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Witnesses with intellectual disabilities in court: What questions are asked and what influence do they have?

Research output: Contribution to Journal/MagazineJournal articlepeer-review

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Standard

Witnesses with intellectual disabilities in court: What questions are asked and what influence do they have? / Kebbell, M R ; Hatton, C ; Johnson, S D .

In: Legal and Criminological Psychology, Vol. 9, 02.2004, p. 23-35.

Research output: Contribution to Journal/MagazineJournal articlepeer-review

Harvard

Kebbell, MR, Hatton, C & Johnson, SD 2004, 'Witnesses with intellectual disabilities in court: What questions are asked and what influence do they have?', Legal and Criminological Psychology, vol. 9, pp. 23-35.

APA

Kebbell, M. R., Hatton, C., & Johnson, S. D. (2004). Witnesses with intellectual disabilities in court: What questions are asked and what influence do they have? Legal and Criminological Psychology, 9, 23-35.

Vancouver

Kebbell MR, Hatton C, Johnson SD. Witnesses with intellectual disabilities in court: What questions are asked and what influence do they have? Legal and Criminological Psychology. 2004 Feb;9:23-35.

Author

Kebbell, M R ; Hatton, C ; Johnson, S D . / Witnesses with intellectual disabilities in court: What questions are asked and what influence do they have?. In: Legal and Criminological Psychology. 2004 ; Vol. 9. pp. 23-35.

Bibtex

@article{5ef17f9b361d4ba8a5faba5d4d36cb32,
title = "Witnesses with intellectual disabilities in court: What questions are asked and what influence do they have?",
abstract = "Purpose. To identify the ways in which witnesses with and without intellectual disabilities are examined in court. Specifically to identify what questions are asked and what influence they have.Methods. Court transcripts were obtained. for 16 rape, sexual assault or assault trials involving witnesses with intellectual disabilities and 16 matched cases involving witnesses from the general population. The cases were assessed systematically concerning the questioning strategies of lawyers and the influence of those strategies on witness responses.Results. Questioning of witnesses with intellectual disabilities was almost identical to that of witnesses from the general population indicating that lawyers are not altering their questioning behaviour for witnesses with intellectual disabilities, either positively or negatively. Cross-examination is particularly poor for eliciting accurate memory reports, especially for witnesses with intellectual disabilities. The accounts of witnesses with intellectual disabilities are shorter and more likely to agree with a leading question than are accounts from the general population.Conclusion. The way in which witnesses are examined does little to ensure that their memories are as accurate as possible. People with intellectual disabilities should be questioned in such a way that their ability to give accurate evidence in court is maximized.",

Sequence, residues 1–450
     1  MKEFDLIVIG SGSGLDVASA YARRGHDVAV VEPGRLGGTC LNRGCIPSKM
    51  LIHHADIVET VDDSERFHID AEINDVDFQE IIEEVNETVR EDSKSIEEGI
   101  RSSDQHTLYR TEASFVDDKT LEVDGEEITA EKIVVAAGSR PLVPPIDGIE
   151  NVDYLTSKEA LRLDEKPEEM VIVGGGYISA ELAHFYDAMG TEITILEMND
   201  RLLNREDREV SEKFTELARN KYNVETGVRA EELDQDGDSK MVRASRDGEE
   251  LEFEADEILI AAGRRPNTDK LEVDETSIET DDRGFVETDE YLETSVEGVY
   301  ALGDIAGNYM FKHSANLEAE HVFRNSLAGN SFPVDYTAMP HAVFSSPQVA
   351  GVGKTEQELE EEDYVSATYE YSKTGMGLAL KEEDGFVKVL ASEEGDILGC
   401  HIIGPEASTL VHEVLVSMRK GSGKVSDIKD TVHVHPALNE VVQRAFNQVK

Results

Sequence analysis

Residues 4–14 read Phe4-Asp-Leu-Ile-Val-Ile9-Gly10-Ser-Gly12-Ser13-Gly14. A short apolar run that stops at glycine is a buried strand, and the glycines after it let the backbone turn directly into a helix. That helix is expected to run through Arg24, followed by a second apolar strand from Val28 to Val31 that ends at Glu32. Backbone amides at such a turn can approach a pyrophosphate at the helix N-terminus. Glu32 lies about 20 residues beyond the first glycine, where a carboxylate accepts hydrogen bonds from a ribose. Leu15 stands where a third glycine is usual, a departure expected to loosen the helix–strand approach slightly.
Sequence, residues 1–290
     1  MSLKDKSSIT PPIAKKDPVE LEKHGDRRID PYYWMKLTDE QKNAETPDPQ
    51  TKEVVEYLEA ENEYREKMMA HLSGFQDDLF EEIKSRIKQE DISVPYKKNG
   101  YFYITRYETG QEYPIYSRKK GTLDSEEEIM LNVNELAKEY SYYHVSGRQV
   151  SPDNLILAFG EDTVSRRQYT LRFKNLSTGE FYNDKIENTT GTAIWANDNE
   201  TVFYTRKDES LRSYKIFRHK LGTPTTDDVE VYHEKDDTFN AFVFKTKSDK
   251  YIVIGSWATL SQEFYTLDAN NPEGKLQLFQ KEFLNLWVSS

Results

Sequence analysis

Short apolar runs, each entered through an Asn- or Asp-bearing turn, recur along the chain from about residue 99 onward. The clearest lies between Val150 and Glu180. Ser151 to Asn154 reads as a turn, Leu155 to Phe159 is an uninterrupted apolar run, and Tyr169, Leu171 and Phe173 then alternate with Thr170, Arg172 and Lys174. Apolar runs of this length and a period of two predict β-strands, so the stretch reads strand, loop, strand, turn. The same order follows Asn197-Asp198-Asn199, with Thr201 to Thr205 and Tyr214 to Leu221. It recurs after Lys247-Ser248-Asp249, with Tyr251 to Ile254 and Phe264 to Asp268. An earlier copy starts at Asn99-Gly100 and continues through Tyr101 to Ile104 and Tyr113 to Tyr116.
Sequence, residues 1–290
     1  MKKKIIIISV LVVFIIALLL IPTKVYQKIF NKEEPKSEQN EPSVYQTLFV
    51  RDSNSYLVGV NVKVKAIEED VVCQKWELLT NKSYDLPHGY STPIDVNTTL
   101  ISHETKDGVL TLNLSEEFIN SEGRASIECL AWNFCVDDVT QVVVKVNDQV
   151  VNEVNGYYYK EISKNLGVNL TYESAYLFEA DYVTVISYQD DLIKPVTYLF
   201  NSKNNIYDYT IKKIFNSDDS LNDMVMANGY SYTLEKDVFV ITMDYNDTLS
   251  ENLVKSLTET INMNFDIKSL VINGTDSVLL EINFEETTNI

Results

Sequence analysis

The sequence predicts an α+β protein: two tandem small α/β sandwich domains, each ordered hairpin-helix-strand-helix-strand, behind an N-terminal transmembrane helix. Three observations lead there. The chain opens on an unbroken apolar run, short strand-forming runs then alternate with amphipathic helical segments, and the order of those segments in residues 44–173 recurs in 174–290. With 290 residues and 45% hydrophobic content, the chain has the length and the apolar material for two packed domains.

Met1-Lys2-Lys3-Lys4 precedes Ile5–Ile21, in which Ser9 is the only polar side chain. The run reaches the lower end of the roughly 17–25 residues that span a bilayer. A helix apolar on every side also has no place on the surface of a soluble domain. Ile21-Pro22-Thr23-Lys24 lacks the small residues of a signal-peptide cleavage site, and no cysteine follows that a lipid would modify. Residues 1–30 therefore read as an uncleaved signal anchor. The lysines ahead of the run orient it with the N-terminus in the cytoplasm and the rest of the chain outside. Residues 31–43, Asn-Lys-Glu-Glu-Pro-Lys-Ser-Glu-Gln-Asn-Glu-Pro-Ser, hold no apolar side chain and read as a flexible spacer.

keywords = "MILD LEARNING-DISABILITIES, MENTALLY-RETARDED PERSONS, EYEWITNESS CONFIDENCE, CROSS-EXAMINATION, ACQUIESCENCE, INTERVIEWS, RELIABILITY, COMPETENCE, ACCURACY, PEOPLE",
author = "Kebbell, {M R} and C Hatton and Johnson, {S D}",
year = "2004",
month = feb,
language = "English",
volume = "9",
pages = "23--35",
journal = "Legal and Criminological Psychology",